The 5-day long GameDesk-Agora STEM Summer 2014 Camp is designed to encourage STEM learning in students through game design, making it fun through interest-based play and creative computing.
The camp combines hands-on labs, engineering challenges, and digital investigations to immerse students in the challenges of STEM as they play, create their own games, interact with technology and learn at the same time. Other than STEM, students will also be taught entrepreneurship skills as they create their own 'tech companies'. Students will be provided with design journals to help them record and reflect on their daily activities to facilitate learning. The Scratch software platform will be predominantly used throughout the camp session. We've also adapted specific lesson plans from the wonderful Scratch Curriculum Guide into our own curriculum.
Although this camp was first conducted at a summer camp in Spain, we envision that it can be adapted into after-school programs and part of the curriculum of an introductory programming class for young students. We've provided the main resources below, including:
- Full outline of the five-day summer camp, including overviews, brief steps, and learning objectives.
- Student journal, handed out on the first day, and to be used throughout the summer camp.
summer camp Breakdown
DAY 1: INTRODUCTION, GAME DECONSTRUCTION AND GAME DESIGN
Camp facilitators will introduce students to the purpose of the camp and get them to introduce themselves before the Scratch video is played. Following introductions, students will play and deconstruct the game "Red Light, Green Light" into its essential components and through that, identify the important elements that makes a game. They will then team up and use what they learned to design own physical games through the iterative Game Design Cycle and its stages (Think, Design, PlayTest, Revise). The games they design will be played by other teams and will be given feedback. To conclude, students will begin learning and experimenting with the Scratch platform.
- Day 1 coincides with Pages 2-12 in the Student Journal.
DAY 2: INTRODUCTION TO SCRATCH AND GAME IDEAS
To start off the 2nd day, students will spend 35 minutes to work on an assigned project through Scratch to get them familiarized with the platform.
They will then be given a series of bugged projects with which they will develop testing and debugging strategies for. The students’ next task will be identifying positive elements in existing games on Scratch and use them to create additions to the games through remixing.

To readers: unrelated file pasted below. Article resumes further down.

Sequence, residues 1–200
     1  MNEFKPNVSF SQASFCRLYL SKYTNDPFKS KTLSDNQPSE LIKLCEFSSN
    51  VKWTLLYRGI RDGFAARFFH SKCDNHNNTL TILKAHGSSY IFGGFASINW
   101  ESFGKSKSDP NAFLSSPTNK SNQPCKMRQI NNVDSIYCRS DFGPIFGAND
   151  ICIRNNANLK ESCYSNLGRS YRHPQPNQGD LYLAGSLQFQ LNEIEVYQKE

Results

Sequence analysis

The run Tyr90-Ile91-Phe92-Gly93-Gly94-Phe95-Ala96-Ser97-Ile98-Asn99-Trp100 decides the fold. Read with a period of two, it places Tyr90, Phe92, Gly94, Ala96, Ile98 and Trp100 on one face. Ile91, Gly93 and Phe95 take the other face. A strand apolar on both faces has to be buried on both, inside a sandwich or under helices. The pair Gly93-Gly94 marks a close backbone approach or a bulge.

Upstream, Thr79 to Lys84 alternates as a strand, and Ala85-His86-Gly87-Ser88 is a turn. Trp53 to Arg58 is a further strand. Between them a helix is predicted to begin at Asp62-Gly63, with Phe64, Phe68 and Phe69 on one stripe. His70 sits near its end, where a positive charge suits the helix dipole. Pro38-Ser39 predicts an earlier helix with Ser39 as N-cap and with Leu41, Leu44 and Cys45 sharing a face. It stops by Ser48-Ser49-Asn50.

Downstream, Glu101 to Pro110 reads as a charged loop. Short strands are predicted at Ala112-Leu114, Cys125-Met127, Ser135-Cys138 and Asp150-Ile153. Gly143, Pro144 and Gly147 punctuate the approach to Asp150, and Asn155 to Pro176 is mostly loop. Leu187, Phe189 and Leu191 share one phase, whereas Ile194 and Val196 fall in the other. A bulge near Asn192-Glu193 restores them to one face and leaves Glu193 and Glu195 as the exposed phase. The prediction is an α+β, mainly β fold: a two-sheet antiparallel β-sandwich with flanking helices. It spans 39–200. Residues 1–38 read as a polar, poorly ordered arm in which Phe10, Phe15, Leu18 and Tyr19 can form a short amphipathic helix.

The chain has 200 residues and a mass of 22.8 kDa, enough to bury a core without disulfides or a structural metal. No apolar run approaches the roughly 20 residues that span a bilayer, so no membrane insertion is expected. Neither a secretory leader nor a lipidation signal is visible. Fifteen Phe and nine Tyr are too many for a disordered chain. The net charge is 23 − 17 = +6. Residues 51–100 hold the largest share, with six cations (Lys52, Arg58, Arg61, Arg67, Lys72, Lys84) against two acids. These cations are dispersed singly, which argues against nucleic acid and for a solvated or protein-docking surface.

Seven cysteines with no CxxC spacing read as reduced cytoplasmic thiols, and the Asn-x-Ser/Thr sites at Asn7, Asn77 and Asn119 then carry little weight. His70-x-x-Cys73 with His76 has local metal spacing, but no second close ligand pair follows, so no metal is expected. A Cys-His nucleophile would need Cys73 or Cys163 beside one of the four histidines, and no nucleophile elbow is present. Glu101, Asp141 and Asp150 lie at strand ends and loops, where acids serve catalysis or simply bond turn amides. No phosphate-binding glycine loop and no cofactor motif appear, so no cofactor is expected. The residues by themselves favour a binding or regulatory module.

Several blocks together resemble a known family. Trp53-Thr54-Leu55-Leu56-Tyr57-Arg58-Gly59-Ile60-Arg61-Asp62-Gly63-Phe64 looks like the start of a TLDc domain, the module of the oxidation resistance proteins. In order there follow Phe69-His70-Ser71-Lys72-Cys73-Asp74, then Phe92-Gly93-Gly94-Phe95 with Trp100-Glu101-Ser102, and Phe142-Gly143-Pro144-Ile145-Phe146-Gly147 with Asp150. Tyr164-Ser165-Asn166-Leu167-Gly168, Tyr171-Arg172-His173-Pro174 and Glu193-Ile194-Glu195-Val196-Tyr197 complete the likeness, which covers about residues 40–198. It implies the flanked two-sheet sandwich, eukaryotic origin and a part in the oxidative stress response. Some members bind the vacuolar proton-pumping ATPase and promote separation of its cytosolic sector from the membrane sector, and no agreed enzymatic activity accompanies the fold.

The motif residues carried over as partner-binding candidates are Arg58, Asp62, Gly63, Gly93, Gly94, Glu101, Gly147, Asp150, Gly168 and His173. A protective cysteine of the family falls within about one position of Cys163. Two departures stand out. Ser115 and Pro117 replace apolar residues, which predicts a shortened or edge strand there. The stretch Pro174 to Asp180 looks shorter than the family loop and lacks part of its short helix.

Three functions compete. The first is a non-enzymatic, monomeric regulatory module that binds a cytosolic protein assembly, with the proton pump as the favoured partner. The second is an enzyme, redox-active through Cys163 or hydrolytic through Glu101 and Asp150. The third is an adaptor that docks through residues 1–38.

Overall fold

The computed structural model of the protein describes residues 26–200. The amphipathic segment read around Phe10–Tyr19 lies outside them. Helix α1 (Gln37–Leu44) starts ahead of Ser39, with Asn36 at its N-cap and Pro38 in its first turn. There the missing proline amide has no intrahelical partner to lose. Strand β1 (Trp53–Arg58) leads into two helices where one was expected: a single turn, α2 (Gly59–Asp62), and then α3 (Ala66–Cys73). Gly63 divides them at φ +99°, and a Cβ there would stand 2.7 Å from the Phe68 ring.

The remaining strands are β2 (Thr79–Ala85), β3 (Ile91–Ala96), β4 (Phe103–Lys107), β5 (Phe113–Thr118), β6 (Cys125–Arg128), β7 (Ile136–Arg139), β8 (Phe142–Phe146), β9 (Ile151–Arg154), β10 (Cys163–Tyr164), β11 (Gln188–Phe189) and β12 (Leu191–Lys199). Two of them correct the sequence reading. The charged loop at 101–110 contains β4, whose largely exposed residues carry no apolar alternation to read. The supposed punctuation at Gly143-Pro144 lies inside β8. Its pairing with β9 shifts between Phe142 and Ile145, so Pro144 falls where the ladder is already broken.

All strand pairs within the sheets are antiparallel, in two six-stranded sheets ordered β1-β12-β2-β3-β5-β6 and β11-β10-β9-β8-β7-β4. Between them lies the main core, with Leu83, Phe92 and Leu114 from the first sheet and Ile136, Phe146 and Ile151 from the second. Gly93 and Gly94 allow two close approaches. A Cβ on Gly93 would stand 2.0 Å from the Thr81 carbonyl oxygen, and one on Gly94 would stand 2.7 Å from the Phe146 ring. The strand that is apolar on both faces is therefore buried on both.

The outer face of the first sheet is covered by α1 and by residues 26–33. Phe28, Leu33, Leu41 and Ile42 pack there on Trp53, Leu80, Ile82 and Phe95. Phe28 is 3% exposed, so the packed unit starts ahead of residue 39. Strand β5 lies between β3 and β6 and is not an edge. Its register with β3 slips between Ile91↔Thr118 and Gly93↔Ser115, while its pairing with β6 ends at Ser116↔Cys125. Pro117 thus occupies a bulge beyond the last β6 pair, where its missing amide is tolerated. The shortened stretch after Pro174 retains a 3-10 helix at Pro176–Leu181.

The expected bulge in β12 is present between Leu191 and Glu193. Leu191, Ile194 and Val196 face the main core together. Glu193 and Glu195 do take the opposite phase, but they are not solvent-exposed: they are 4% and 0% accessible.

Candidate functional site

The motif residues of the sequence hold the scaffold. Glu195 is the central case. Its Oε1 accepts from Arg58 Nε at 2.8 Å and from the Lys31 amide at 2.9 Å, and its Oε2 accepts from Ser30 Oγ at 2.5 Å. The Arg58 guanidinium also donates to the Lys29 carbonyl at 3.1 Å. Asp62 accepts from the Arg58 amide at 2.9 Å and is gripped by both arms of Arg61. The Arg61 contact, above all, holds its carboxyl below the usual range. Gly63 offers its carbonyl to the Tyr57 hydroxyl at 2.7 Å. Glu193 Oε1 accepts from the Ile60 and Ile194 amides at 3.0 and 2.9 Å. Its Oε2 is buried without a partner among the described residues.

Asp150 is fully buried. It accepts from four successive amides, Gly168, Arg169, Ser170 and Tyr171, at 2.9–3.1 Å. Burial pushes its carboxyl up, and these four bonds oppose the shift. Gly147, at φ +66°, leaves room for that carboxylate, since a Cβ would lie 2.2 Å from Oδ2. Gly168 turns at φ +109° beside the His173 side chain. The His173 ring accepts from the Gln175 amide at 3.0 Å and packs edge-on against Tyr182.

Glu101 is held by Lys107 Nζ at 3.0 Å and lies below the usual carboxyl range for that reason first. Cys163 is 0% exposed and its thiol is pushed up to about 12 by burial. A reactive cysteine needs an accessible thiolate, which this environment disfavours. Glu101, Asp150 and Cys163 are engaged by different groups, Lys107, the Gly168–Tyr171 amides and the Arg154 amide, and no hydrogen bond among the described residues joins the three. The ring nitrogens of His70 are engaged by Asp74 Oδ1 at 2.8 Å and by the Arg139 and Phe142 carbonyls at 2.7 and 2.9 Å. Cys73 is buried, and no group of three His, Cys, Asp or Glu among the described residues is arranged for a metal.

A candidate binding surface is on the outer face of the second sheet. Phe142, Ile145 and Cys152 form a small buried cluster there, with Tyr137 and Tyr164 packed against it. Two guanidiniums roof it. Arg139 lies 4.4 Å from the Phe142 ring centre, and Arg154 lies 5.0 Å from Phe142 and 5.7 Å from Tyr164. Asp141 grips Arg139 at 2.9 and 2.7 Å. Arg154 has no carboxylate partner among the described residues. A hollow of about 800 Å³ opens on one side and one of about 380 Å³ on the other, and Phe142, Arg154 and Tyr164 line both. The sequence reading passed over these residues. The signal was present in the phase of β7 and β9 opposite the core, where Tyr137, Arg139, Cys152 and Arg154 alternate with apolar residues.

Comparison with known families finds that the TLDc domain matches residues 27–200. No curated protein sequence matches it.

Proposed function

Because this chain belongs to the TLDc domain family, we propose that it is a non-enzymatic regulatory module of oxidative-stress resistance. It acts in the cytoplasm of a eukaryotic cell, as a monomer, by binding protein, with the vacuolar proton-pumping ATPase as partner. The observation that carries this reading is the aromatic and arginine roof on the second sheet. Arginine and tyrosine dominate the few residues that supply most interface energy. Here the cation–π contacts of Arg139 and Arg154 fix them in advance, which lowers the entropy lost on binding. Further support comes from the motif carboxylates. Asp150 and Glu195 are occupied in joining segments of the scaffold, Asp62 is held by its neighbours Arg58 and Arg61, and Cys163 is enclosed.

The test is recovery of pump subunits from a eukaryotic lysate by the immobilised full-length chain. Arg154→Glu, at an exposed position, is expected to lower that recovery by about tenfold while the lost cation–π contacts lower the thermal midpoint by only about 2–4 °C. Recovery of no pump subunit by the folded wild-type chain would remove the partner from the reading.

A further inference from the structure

Using lessons learned from this task, they will participate in first stage of Game Design Cycle by brainstorming and developing an idea for a game. They will then be asked to share their game ideas with each other and provide feedback.
- Day 2 coincides with pages 13-18 in the Student Journal.
DAY 3: CREATING AND REFINING PROTOTYPE
Using what they have learned over the past 2 days, students will be asked to create a working prototype of a game on Scratch through the Game Design Cycle. They will then enact debugging strategies learned from previous lesson and through crowdsourcing. Prototype evaluations will then be held in which students will provide each other feedback. With self-reflection and the feedback they have received, students will construct an improved prototype of Scratch game and repeat debugging and evaluations processes.
- Day 3 coincides with pages 19-24 in the Student Journal.
DAY 4: INCORPORATING MAKEY MAKEY AS A CONTROLLER FOR GAME
Students will start the day by using feedback from day prior to again improve prototype before debugging it and then evaluating other students’ games. Following this iteration, students will watch an introductory video to MaKey MaKey video. They will then sketch controller designs and construct one. After making a controller, they will examine and solve technical issues and construction problems through crowdsourcing. Other students will then playtest the game and its controller, and give feedback.
DAY 5: PROCESS ARTICULATION AND ARCADE DESIGN
On the last day, students will reflect on and articulate process of game design over an interview with the camp facilitators. After the interview, they will write and submit instructions to their games either in paper form or within notes section on Scratch website. Following that, they will finalize and publish their games. Their last task for the camp will be to set up the computer lab for the arcade session after where parents and other students will play the finalized games.